2. USC’s starting 22 can almost always hang with anybody. The other stuff, however …

The Trojans rank No. 1 here because they were in the top five in 12 of 17 years measured, never falling below 2013’s No. 12 … and even that class, which was limited by NCAA sanctions, was literally nothing but blue-chips.

That’s despite those depth-crippling sanctions and constant coaching turmoil for something like four years. USC had nine AP top-six finishes in this span anyway, mostly before and after the mayhem.

3. The Georgia thing was even more complicated than most people realized.

A pile of narratives:

  • Mark Richt wasted all that Peach State talent. Did he? His Dawgs very nearly played in three BCS title games and would’ve made the Playoff a few times, if it’d existed. Change a handful of plays, and UGA might’ve had a minor dynasty.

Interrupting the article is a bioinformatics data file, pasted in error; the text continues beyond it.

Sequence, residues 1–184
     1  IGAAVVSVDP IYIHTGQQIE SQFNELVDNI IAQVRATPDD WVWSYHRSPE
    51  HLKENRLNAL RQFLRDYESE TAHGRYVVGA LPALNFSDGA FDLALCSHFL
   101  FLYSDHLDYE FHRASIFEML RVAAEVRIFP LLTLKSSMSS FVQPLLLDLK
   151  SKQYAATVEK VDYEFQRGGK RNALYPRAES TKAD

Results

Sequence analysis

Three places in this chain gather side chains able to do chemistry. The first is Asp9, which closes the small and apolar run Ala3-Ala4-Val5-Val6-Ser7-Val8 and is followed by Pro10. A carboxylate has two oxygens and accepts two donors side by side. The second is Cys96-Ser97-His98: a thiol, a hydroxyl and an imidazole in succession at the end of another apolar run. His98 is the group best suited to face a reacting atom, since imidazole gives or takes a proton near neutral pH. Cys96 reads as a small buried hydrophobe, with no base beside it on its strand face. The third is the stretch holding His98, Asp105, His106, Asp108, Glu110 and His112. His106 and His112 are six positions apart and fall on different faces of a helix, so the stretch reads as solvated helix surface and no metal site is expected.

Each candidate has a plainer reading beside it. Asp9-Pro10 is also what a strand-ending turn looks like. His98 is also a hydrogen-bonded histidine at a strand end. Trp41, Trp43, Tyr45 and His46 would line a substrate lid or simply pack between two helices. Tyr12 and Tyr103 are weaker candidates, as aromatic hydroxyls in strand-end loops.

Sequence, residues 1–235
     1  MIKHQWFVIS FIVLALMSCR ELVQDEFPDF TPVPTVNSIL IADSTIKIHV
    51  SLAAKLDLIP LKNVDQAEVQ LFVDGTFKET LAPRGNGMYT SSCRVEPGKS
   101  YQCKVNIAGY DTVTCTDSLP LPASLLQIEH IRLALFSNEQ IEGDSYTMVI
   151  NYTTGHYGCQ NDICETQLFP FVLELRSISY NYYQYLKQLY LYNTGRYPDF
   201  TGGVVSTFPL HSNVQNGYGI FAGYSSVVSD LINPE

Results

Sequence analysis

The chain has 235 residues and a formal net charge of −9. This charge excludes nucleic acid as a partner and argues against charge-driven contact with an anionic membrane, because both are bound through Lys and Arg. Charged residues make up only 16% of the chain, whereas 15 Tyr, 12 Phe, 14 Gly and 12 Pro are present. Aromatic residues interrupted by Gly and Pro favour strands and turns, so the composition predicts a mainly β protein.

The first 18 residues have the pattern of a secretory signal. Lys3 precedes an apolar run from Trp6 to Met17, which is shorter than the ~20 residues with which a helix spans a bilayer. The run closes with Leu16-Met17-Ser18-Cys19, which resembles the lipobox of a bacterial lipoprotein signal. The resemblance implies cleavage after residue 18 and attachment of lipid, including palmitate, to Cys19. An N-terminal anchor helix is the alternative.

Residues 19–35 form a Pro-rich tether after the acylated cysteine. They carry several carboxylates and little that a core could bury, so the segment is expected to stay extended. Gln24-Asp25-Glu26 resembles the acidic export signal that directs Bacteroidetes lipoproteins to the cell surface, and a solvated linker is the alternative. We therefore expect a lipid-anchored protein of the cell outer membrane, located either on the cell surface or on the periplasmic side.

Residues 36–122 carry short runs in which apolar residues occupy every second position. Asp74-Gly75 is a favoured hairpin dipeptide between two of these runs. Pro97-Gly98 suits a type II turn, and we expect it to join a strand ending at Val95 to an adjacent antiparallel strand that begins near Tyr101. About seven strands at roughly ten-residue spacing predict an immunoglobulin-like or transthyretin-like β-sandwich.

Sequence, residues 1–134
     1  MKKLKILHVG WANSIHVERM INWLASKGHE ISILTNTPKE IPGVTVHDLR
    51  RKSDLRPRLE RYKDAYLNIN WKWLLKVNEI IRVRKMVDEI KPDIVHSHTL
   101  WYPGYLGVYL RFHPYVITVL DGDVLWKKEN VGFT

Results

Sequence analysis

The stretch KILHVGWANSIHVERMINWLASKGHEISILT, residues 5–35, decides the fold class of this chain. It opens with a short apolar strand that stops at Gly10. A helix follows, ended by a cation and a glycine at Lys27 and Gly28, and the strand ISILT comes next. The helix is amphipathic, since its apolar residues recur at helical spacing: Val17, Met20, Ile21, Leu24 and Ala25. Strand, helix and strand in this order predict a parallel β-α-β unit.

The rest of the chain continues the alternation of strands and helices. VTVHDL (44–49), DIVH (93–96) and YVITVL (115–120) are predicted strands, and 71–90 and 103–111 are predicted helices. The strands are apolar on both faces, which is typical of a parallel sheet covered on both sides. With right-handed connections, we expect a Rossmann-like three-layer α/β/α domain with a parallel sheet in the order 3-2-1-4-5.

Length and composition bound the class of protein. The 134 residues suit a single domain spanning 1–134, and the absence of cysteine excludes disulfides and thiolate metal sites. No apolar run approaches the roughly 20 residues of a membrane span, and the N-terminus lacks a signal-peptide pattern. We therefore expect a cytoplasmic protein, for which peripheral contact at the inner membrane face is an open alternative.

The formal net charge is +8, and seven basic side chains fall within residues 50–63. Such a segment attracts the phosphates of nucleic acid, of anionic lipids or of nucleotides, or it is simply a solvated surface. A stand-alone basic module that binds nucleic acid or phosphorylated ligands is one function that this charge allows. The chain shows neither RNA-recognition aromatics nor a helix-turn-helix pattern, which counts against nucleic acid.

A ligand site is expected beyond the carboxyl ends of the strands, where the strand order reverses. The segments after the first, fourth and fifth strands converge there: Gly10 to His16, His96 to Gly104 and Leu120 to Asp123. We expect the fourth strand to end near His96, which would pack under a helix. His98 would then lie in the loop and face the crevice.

• But that didn’t happen. Waste. OK.
  • Richt let all that Peach State talent leave the state. Basically never ranking outside the top 10 in recruiting suggests otherwise. It’s easy to remember Cam Newton and Deshaun Watson leaving, but Richt’s Dawgs held up their borders comparably to other major powers, at one point ranking among the top five teams in top-25 locals signed.
  • Kirby Smart has taken Richt’s program to a whole new level. That one is pretty hard to argue against, after UGA nearly finished No. 1 on the field and then did so in recruiting, taking full advantage of the No. 1 dual-threat QB living in Metro Atlanta.
  • Seeing all those national titles won by the top eight teams on this list, while seeing Georgia with zero in this span, is really awkward. Really awkward.

4. Look at all the national title games in that top group.

The top nine teams here are 13-10 in title games in this span, with most of those games against each other. (No. 10, Michigan, is another team that’s come brutally close.)

The lower programs in title games — Auburn, Clemson, and Oregon — are still near-annual top-20 recruiters who’ve brought in top-10 classes. Each of their title-run teams either had Heisman-worthy quarterbacks, elite talent accumulation in a short period, and/or world-ending wackiness.